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Physio advice for anyone following in celebs’ dancing footsteps

CSP press release published on 10 October 2007

The recent craze for TV celebrity dance shows may be taking its toll on the bodies of audiences and stars alike.

The recent craze for TV celebrity dance shows may be taking its toll on the bodies of audiences and stars alike. Programmes like the BBC’s Strictly Come Dancing have influenced a surge in the number of people taking dance classes (see note 3) and the Chartered Society of Physiotherapy (CSP) wants to make sure people aren’t unprepared and heading for injury.

Celebrities are always looking for new ways to boost their profile and these shows present a novel opportunity, but ballroom dancing is very different from being in a TV studio and outside of most celebs’ usual remit.

The intensive training and complex moves needed to perform and compete in front of the nation is leading to some celebrities developing painful conditions. In the current series alone, actress Stephanie Beacham has been reported as having back pain and GMTV presenter Kate Garraway is said to be suffering from tendonitis.

Physiotherapists support the new popularity of ballroom dancing as it is an effective and fun way to stay fit, increase stamina and flexibility, strengthen and tone muscles, and help weight loss. But physios are keen to raise awareness that people who are not used to the physical demands may be at risk of an injury.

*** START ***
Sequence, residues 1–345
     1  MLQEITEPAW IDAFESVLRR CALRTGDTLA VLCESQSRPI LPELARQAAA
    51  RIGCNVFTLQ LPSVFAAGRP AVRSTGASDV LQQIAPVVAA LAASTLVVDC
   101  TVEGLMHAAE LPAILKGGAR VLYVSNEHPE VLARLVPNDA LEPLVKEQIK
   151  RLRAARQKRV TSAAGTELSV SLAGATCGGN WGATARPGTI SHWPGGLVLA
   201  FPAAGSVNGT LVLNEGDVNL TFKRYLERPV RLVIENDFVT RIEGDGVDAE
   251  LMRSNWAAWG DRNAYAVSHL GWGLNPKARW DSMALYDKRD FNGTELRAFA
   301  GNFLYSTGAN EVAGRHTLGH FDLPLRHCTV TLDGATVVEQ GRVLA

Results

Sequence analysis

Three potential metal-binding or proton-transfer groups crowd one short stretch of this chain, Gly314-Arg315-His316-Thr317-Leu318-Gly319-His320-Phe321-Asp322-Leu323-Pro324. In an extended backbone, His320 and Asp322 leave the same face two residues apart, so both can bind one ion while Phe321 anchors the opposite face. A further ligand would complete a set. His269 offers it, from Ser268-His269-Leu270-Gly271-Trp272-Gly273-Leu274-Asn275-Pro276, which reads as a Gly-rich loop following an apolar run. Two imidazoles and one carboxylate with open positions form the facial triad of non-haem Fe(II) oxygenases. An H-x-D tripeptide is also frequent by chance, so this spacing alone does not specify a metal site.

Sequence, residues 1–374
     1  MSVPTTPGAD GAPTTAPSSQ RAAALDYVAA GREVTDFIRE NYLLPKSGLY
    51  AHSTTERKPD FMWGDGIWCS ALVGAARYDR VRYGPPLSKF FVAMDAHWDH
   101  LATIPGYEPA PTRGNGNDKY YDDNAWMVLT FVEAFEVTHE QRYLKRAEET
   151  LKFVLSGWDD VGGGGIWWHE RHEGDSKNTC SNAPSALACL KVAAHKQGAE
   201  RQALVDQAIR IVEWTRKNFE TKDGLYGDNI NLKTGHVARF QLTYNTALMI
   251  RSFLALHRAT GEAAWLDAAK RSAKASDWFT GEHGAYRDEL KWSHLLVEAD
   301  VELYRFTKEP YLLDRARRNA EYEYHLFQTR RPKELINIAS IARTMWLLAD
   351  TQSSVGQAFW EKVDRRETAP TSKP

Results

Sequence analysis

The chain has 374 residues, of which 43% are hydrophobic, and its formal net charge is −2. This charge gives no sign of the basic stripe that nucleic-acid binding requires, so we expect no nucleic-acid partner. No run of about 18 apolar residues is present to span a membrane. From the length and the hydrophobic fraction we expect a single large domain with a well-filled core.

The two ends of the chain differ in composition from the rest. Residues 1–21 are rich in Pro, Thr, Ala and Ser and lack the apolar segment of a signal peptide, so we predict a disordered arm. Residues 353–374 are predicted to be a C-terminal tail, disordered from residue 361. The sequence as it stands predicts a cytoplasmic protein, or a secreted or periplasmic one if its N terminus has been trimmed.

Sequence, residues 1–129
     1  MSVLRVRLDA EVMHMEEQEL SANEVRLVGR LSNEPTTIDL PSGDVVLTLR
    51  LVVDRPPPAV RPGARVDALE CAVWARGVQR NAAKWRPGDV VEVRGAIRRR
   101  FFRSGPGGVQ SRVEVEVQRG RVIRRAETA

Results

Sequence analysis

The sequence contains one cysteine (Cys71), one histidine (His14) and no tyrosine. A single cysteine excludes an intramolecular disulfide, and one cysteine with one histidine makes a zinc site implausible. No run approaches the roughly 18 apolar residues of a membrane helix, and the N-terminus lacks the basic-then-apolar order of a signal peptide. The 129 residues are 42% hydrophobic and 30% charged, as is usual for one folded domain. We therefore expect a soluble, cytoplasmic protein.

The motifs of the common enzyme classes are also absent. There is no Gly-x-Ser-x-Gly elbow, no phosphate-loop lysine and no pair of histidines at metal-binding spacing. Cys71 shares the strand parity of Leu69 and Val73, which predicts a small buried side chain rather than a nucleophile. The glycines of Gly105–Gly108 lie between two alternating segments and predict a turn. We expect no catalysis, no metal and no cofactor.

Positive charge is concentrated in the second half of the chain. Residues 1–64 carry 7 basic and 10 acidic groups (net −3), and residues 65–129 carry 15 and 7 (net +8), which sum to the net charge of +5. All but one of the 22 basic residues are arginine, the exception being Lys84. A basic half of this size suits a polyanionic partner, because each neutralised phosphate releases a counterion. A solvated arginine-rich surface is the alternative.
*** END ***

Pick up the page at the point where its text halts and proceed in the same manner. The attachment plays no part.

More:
Sammy Margo, chartered physiotherapist and spokesperson for the CSP, says: “Ballroom dancing is a great way to get fit. Sometimes you don’t even realise you’re having a workout because it’s so much fun. Physios would encourage people to take it up as an enjoyable way to exercise and lose weight.

“Anyone who wants to start dancing needs to do so gradually and build up their repertoire of moves. The celebrities may make it look easy, but starting a new form of exercise pushes the body to learn unfamiliar movements. This can be especially difficult for older people, whose tissues are less resilient and tend to recover from injury more slowly. Physios can advise on how to prepare the body for a new pastime. If you do acquire an injury, see a chartered physiotherapist as soon as possible.”

Notes to editors

1. For more information, please call the CSP press office on 020 7306 6616/6628/6163. Out of hours please call Louise Fitzsimons on 07786 332197, Becky Darke on 07900 160349 or Prabh Salaman on 07795 564240.

 

2. The Chartered Society of Physiotherapy is the professional, educational and trade union body for the UK's 49,000 chartered physiotherapists, physiotherapy students and assistants. For previous releases visit www.csp.org.uk

3. It was estimated in 2004, when Strictly Come Dancing hit television screens, that the number of people taking dance classes had risen from 175,000 to at least 260,000. (The Daily Telegraph, ‘Ballroom boom led by BBC's celebrity dance show’, 11/12/04).

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